Shell’s Cardamom Deep exploration plan

Shell filed a deep-water Gulf of Mexico exploration plan with the federal government on Jan. 28 and revised it on Feb. 22. The revised copy is below.

The plan was the first of its kind filed by an oil company — and deemed “submitted” by the federal government — since the 2010 Gulf of Mexico oil spill triggered tougher safety and environmental mandates. The plan is being subjected to a higher level of scrutiny than exploration plans filed before the Deepwater Horizon disaster, when regulators routinely waived an environmental assessment otherwise required by federal law.

If it is approved by the Bureau of Ocean Energy Management, Regulation and Enforcement, the exploration plan would pave the way for Shell to drill three new exploratory wells in approximately 2,950 feet of water at its Cardamom Deep discovery, about 250 miles southeast of Houston.

Shell CEO Marvin Odum told investors in September that the Cardamom Deep discoveries, made in 2009 and 2010, could hold more than 100 million barrels of oil equivalent.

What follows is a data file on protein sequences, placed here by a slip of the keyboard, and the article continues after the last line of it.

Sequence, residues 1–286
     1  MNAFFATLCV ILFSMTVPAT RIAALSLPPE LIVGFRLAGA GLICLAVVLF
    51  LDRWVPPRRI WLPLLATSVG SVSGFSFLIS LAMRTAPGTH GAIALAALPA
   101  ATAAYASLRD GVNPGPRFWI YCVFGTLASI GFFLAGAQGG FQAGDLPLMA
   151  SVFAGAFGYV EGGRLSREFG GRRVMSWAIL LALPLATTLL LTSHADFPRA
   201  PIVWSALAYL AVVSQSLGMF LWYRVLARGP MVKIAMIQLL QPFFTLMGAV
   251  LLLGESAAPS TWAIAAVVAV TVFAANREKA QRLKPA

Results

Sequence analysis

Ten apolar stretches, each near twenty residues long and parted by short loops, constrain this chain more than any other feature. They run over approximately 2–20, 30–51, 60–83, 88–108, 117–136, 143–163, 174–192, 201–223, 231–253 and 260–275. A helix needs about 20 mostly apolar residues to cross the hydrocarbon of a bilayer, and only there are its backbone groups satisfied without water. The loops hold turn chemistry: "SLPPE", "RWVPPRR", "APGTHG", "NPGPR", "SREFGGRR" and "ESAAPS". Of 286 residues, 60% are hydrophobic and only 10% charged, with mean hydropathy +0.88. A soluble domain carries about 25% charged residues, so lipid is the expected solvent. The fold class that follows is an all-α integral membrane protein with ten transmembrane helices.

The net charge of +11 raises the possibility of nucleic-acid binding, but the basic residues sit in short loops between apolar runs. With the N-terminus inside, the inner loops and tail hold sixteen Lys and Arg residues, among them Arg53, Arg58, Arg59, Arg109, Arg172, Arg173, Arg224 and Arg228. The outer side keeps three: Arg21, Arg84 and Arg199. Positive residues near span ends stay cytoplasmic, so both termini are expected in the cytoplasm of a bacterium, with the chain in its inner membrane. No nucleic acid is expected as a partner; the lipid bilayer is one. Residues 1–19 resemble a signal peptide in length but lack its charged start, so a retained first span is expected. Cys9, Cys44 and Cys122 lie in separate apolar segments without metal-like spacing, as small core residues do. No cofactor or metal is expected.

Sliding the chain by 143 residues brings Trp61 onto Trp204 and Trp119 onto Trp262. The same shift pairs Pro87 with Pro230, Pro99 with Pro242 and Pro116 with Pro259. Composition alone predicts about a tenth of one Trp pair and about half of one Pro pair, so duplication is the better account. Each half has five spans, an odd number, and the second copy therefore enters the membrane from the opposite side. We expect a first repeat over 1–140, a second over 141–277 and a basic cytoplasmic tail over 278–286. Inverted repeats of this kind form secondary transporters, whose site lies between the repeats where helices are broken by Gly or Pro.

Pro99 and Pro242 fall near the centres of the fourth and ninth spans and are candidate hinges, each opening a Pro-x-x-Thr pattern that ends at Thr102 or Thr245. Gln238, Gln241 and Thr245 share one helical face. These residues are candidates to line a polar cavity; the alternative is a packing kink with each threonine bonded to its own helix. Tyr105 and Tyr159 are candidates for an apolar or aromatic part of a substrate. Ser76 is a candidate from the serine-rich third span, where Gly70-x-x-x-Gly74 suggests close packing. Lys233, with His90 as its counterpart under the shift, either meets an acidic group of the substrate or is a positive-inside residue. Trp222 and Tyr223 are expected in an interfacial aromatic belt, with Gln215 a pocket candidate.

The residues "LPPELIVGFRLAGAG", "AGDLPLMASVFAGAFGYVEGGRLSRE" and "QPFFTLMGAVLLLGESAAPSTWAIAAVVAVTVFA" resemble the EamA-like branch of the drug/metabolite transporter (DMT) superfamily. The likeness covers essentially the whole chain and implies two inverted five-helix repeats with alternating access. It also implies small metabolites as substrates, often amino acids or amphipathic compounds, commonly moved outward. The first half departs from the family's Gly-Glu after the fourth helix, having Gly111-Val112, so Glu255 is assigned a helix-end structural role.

Shell exploration plan


About The Author

Jennifer A. Dlouhy covers energy policy, politics and other issues for The Houston Chronicle and other Hearst Newspapers from Washington, D.C. Previously, she reported on legal affairs for Congressional Quarterly. She also has worked at The Beaumont Enterprise, The San Antonio Express-News and other newspapers. Jennifer enjoys cooking, gardening and hiking. She lives in Washington, D.C., with her husband and toddler son.